In fact, since 2007, the Sandinista government led by President Daniel Ortega has practically doubled the number of affiliated workers to 674.000 and dramatically increased the number of registered employers to almost 26.000. The size of the contributions has also increased considerably. But the system still cannot afford to give the pensionless seniors what they have contributed in the past, amounting on some estimates to about 2.3 billion cordobas. The pension fund would go bankrupt!
The only solution to the problem is to increase the base of contributors to the system by expanding the number of people in formal employment contributing to the social security fund. About 70% of Nicaragua’s workers are not part of the system because neoliberal policies deliberately promoted an informal free market economy with strong disincentives for creating fully-insured jobs. It is that structural neoliberalism the Sandinista government inherited in 2007 and which it has substantially changed while at the same time constantly emphasizing medium and long term sustainability.
For that reason, the government has been negotiating with the pensioners organizations during all these years. About 8.000 of them receive the Government’s solidarity bonus of about 45 dollars each month, and some 200.000 food packages have been delivered. Older people benefit especially from the government’s improvements to the health system and initiatives like Misión Milagro which overwhelmingly serve older people who have problems with their vision.
Right-wing politicians, the network of toxic NGOs of the so-called “civil society” plus CIA-trained groups of middle class youths have fooled some of the seniors into believing that the state must pay them regardless of the effect on the other programs that benefit them such as the generously subsidized public transport, water and electricity services or free health care.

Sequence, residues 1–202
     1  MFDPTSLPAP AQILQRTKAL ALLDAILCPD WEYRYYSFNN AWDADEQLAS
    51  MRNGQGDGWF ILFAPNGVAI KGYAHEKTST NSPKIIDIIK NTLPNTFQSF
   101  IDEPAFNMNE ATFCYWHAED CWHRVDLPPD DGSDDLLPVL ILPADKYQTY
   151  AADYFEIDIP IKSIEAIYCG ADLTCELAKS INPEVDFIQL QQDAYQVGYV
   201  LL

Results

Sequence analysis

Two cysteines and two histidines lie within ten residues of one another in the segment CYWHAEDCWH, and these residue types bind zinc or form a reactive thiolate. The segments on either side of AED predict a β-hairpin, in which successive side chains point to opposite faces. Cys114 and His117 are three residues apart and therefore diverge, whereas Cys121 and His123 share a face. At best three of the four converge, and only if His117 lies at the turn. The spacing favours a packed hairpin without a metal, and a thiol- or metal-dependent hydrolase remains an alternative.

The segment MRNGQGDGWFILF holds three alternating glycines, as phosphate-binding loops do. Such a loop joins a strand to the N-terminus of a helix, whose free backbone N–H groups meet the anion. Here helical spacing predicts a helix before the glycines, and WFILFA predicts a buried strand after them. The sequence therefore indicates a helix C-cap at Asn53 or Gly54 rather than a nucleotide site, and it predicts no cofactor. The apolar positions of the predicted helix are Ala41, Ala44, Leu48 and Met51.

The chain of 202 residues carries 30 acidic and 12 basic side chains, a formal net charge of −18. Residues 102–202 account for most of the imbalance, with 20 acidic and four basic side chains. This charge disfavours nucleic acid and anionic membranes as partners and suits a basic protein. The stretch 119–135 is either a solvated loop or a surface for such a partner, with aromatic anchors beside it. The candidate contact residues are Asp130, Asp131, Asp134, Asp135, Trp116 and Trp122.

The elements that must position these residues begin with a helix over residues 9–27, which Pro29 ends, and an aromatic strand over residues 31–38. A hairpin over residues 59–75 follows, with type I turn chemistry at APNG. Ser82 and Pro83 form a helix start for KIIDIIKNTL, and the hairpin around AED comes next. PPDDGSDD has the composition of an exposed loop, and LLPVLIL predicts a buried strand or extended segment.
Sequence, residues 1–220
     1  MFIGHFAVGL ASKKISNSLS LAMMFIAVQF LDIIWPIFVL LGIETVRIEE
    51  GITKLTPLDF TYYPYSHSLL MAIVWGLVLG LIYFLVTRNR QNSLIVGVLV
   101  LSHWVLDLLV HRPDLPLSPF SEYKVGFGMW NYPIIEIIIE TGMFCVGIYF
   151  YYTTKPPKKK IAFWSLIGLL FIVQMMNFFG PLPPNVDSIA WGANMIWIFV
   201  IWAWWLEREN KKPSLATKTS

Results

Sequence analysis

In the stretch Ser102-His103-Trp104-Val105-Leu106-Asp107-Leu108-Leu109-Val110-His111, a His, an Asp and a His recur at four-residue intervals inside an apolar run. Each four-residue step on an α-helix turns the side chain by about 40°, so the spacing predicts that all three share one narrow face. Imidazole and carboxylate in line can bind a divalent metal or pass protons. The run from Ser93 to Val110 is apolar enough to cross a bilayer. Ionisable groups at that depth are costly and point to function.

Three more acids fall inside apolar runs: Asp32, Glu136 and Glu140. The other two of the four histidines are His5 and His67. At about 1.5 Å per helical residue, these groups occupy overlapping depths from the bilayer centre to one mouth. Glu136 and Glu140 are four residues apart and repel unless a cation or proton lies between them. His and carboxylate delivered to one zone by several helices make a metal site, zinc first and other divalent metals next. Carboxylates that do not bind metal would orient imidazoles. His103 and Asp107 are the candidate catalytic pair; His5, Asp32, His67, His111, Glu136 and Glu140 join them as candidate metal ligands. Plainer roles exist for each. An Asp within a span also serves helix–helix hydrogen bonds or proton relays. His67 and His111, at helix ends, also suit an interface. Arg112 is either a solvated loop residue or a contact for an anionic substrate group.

Last week, a hundred or so pensioners “occupied” the Social Security building. They promptly were surrounded by the police which already knew what the right-wing instigators had in mind. None of the elderly people were touched, not even with the petal of a rose, and they were offered help to leave the premises. Furthermore, bus transportation already had been ordered, as well as medical check-ups, food and so on.
Faced with the failure of their plan to provoke police violence, hundreds of right-wing activists tried to join the occupation and attempted to break through the the barrier of unarmed policemen who for several hours had to patiently stand facing the right-wingers insults, blows, stones and bottles. Six policemen were seriously injured. The right-wing TV, the newspaper La Prensa and the Corporacion radio station broadcast the “event” live all day.
Now phony progressives, ex-Sandinistas and their right wing allies make absurdly false accusations that the FSLN authorities have attacked peaceful demonstrating senior citizens. On Monday, the Sandinistas will flood the streets of Managua in order to set the record straight and remind the opposition that no “Nicaraguan right-wing Spring” will take place here. Thanks to the Sandinista government, in Nicaragua, the Spring started years ago when President Daniel Ortega took office in January 2007.